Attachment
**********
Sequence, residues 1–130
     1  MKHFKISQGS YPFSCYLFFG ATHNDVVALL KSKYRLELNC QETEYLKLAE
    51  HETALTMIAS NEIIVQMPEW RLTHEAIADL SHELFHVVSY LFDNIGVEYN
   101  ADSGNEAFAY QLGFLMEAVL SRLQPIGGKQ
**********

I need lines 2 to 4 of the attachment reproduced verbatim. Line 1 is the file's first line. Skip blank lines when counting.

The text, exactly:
     1  MKHFKISQGS YPFSCYLFFG ATHNDVVALL KSKYRLELNC QETEYLKLAE
    51  HETALTMIAS NEIIVQMPEW RLTHEAIADL SHELFHVVSY LFDNIGVEYN
   101  ADSGNEAFAY QLGFLMEAVL SRLQPIGGKQ